Equally as important, the strategic alliance has increased interest among other Koreans in volunteering to help with KSCAGP and PASSi’s weekly senior program. The program now has three Korean volunteers who assist with logistics, publicity, and other items. These volunteers will help the program remain sustainable over the long term by reducing staff costs. 

PASSi and KSCAGP’s strategic alliance and joint senior programming have demonstrated the positive impact of strategic alliances in expanding programming for elderly immigrants while still allowing senior immigrants to have a strong voice in the programming. Elderly immigrants remain often overlooked, vulnerable members of southeastern Pennsylvania’s senior population. Nonprofit organizations should look for innovative, cost-effective ways to meet the growing needs of seniors who are immigrants in southeastern Pennsylvania. Strategic alliances can reduce administrative and overhead costs and allow nonprofits to devote more resources to programming and direct services.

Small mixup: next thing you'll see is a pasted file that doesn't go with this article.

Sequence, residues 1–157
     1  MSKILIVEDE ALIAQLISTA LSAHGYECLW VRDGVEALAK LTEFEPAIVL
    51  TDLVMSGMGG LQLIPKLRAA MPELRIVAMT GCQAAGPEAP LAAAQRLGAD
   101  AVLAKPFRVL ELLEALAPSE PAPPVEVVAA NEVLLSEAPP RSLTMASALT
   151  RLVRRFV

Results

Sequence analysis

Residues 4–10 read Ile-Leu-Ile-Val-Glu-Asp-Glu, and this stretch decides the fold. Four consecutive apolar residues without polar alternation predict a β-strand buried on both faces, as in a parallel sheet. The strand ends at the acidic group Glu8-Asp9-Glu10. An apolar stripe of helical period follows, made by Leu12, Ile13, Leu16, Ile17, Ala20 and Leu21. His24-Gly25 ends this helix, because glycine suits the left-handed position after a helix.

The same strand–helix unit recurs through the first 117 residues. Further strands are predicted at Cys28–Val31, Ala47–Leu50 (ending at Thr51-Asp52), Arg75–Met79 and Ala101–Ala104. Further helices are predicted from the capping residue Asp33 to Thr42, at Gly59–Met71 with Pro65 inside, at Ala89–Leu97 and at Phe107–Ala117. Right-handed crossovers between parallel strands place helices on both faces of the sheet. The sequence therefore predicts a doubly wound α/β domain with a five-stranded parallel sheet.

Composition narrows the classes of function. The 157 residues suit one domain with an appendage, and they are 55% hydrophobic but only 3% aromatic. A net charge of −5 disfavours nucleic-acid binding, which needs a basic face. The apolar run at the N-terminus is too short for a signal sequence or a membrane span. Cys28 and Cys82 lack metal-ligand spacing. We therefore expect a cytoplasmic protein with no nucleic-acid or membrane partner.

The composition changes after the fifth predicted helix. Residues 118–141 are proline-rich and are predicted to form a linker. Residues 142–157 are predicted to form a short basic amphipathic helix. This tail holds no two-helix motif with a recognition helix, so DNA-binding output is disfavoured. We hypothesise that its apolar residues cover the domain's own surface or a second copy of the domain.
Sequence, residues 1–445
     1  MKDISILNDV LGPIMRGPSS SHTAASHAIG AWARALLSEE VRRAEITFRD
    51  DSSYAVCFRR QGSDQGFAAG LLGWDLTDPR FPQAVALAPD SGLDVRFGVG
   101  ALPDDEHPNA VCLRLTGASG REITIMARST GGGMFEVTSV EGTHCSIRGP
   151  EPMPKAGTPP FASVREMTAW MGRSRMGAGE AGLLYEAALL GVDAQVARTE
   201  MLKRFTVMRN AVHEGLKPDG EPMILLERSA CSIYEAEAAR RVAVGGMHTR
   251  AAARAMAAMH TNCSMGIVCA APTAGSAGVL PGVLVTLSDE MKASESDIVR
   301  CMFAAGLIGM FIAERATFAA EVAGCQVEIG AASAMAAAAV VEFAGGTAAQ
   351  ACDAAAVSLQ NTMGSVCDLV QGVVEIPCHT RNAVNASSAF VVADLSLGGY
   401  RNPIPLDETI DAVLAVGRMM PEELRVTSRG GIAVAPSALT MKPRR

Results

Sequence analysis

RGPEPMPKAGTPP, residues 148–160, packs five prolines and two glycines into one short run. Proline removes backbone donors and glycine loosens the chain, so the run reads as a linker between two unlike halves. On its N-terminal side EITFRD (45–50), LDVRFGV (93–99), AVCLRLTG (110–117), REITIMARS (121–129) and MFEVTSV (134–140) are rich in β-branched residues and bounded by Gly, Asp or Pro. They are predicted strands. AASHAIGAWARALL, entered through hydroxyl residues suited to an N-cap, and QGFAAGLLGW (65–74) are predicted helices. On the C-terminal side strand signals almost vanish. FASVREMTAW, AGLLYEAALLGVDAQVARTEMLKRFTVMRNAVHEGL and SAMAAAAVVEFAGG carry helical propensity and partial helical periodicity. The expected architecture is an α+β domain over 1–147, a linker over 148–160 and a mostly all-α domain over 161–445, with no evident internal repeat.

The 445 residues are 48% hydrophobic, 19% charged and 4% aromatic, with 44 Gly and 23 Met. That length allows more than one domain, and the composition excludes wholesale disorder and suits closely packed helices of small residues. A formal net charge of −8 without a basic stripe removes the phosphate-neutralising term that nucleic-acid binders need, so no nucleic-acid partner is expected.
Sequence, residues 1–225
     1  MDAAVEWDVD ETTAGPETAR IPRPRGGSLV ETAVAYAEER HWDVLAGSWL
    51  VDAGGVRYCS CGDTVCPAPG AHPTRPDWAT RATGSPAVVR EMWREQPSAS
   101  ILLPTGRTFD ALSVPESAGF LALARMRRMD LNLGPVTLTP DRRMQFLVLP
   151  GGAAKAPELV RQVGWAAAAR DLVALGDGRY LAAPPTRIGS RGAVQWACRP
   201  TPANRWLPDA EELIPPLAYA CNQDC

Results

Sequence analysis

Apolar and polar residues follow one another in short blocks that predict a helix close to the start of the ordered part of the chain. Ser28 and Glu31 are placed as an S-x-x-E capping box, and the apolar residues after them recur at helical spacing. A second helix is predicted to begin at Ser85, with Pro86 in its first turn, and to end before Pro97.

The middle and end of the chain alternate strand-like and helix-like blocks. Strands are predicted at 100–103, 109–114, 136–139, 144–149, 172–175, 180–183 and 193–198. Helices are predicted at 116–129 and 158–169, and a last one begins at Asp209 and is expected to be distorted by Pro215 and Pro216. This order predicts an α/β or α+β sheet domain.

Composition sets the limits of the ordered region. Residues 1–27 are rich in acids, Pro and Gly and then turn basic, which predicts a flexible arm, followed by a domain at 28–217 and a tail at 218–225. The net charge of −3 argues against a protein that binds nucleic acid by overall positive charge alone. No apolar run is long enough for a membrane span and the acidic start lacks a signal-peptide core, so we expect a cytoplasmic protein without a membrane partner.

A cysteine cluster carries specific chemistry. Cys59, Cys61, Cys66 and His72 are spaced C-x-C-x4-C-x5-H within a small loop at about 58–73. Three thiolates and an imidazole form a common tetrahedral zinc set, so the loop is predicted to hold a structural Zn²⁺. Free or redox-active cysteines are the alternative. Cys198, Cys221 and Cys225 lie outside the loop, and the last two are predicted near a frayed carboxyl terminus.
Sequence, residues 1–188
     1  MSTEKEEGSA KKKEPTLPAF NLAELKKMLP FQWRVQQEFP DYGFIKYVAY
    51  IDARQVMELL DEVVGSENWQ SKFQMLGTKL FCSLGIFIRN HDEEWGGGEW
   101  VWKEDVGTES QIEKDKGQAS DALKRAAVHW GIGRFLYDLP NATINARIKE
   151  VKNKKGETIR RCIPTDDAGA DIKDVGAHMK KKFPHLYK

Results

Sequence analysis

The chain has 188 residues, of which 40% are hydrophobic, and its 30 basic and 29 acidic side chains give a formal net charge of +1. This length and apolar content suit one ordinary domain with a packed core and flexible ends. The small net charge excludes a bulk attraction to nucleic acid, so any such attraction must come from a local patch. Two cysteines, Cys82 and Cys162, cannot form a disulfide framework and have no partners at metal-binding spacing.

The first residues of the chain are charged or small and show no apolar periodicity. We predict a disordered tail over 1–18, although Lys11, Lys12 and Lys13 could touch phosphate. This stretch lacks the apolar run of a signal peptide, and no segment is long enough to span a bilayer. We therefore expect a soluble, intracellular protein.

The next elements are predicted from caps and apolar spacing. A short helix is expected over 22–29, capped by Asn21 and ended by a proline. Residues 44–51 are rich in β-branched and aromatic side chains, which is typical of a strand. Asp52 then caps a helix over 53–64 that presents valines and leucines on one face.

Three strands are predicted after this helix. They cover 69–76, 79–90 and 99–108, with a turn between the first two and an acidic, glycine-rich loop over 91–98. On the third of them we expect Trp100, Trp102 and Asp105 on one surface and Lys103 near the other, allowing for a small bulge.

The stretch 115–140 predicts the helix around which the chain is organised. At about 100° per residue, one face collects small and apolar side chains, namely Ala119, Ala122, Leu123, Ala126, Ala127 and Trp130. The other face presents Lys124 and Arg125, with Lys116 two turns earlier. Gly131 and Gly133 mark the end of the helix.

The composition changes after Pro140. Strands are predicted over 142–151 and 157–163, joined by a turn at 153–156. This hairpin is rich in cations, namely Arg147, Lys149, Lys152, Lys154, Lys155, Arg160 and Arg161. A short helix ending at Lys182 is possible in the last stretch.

Resources

Resources

Asian American Federation, “Profile of Asian American Seniors in the United States,” http://www.aafny.org/cic/briefs/usseniors2009.pdf

Author Bio

Patricia Hampson Eget is the fund development manager at Penn Asian Senior Services where she oversees all development activities. She earned a PhD in history from Rutgers University and a bachelor of arts from Johns Hopkins University. She lives in Philadelphia’s Fairmount neighborhood and is active in various civic organizations.